Indiana News

Casino owners battle over efforts to help gambling industry

INDIANAPOLIS (WISH) – Live dealers at central Indiana racinos are one step closer to reality, however, opposition is growing.

If live dealers come to Anderson and Shelbyville it could hurt the business at two southern Indiana casinos in Rising Sun and French Lick.

It’s why efforts to help out the gambling industry in this state have also sparked a battle between casino owners.

Employees of the Rising Star Casino in Rising Sun showed up at the Statehouse in force dressed in blue in an effort to stop the bill aimed at making Indiana casinos more competitive with casinos in other states.

“We just don’t want live table games in the racinos,” said casino employee Joe Barbieri. “It’s going to hurt our business and other riverboat businesses in Indiana.”

But it had no effect on the House Ways and Means Committee.

It passed the bill that also lets riverboats move on land and gives them incentives to do so.

“And so what we offer,” said Rep. Tom Dermody, “is a ten percent tax credit up to $40 million on any type of construction at their facility.”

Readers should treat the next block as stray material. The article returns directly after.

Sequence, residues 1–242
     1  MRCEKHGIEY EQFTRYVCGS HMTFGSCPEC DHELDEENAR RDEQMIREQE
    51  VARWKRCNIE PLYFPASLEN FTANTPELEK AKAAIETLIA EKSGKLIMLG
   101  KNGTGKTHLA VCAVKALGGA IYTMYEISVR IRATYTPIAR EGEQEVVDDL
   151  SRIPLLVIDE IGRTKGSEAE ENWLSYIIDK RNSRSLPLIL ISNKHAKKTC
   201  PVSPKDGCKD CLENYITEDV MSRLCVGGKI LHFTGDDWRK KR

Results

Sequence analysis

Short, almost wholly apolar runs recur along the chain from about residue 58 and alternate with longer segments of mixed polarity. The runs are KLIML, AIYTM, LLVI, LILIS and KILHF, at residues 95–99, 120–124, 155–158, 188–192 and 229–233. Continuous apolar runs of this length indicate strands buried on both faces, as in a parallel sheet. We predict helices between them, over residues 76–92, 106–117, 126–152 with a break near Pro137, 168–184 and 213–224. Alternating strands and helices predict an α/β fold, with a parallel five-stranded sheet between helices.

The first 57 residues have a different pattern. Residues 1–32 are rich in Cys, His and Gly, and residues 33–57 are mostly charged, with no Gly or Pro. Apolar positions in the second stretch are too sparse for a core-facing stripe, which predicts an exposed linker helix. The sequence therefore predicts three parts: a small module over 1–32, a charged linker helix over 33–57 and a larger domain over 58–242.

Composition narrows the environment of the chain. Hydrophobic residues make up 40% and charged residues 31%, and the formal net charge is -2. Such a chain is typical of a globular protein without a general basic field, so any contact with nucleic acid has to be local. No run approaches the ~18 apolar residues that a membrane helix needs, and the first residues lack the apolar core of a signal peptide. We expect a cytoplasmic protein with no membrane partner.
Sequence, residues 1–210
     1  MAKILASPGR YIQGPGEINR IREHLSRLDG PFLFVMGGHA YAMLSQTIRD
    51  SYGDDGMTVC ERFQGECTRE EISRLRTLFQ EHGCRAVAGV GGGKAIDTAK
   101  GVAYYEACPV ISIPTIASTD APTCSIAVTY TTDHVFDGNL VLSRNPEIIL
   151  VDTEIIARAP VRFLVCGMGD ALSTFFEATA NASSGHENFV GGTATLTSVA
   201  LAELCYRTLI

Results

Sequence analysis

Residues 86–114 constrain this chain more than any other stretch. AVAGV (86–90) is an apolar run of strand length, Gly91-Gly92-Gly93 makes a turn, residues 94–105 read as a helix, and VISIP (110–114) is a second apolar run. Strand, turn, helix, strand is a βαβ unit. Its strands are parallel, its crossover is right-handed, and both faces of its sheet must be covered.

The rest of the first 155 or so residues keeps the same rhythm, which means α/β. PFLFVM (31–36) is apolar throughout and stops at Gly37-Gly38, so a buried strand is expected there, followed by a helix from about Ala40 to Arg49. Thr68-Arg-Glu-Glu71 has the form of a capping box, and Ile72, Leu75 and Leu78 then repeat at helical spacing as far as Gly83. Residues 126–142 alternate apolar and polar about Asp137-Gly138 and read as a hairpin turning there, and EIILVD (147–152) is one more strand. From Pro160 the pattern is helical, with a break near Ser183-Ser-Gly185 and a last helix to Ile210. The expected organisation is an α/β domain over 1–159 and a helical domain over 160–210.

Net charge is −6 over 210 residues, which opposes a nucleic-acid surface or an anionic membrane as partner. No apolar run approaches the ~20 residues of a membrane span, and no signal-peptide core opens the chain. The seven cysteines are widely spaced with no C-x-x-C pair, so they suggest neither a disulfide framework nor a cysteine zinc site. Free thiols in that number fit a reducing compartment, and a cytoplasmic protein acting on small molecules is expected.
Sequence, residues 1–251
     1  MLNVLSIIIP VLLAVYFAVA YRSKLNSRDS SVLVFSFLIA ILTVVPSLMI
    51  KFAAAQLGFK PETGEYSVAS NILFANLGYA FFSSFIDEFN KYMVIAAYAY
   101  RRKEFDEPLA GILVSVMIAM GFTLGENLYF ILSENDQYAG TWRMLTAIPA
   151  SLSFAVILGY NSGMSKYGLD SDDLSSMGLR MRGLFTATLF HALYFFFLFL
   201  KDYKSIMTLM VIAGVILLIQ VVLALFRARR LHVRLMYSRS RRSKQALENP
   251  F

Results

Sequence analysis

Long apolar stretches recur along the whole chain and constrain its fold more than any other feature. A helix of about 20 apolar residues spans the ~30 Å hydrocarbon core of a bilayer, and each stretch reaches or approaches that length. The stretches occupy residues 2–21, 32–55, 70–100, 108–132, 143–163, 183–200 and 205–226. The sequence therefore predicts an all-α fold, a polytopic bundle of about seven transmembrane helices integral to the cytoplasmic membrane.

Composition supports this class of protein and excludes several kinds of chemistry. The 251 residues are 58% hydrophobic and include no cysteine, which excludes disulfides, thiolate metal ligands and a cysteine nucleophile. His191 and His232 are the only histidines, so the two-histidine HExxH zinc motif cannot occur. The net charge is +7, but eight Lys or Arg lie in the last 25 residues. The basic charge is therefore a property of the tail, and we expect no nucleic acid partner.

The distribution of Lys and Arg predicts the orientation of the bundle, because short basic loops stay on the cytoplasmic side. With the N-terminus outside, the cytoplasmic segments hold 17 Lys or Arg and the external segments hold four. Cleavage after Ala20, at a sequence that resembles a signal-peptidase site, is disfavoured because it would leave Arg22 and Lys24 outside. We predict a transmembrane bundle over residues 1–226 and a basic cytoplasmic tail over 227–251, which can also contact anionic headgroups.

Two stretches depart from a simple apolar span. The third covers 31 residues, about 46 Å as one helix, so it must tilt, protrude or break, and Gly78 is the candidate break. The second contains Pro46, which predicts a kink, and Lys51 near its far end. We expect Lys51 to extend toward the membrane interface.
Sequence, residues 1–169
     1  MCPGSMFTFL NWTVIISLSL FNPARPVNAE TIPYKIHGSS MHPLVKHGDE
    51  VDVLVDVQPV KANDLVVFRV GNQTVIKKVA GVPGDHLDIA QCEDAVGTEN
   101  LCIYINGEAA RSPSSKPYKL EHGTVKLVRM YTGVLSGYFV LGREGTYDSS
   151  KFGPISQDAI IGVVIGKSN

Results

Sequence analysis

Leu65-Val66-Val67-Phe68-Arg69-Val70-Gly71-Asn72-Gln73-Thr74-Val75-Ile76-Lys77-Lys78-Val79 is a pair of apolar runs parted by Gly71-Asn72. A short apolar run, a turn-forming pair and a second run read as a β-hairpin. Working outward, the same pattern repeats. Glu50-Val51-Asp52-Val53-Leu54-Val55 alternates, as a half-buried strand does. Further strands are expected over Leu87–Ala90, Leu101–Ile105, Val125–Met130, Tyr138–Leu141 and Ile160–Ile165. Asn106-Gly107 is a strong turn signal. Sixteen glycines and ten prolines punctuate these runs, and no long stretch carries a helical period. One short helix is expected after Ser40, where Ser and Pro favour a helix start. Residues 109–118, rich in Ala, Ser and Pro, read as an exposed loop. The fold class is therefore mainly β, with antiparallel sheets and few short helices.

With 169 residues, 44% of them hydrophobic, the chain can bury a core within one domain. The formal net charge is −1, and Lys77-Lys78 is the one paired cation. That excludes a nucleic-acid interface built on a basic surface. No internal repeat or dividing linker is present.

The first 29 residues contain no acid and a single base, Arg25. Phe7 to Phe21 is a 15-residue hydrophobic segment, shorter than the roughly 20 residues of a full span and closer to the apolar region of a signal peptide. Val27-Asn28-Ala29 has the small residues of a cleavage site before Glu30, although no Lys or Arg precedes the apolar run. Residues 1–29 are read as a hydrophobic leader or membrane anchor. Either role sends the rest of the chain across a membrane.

For the people in Rising Sun it’s no consolation.

“We don’t have the money go on land, anyway,” said CEO Dan Lee.

They believe presence of video dealers in Anderson and Shelbyville is the only reason they attract customers from Indianapolis.

“Well, that’s the only competitive edge we have,” said Lee. “So the question is whether we can stay in business.”

It’s a position also held by the owners of the French Lick casino.

“With all the competition looking to come in from Kentucky and other places,” said Steve Ferguson of the Cook Group, which owns the French Lick casino, “it just makes it a very, very difficult situation.”

Jobs are on the line but it’s not just a question of how many but also where those jobs will be located.

The reality is that the majority of Indiana casino owners will benefit from the current bill which also includes new tax breaks.

They kept a low profile Thursday but lawmakers are listening to them.

The bill now goes to the full House.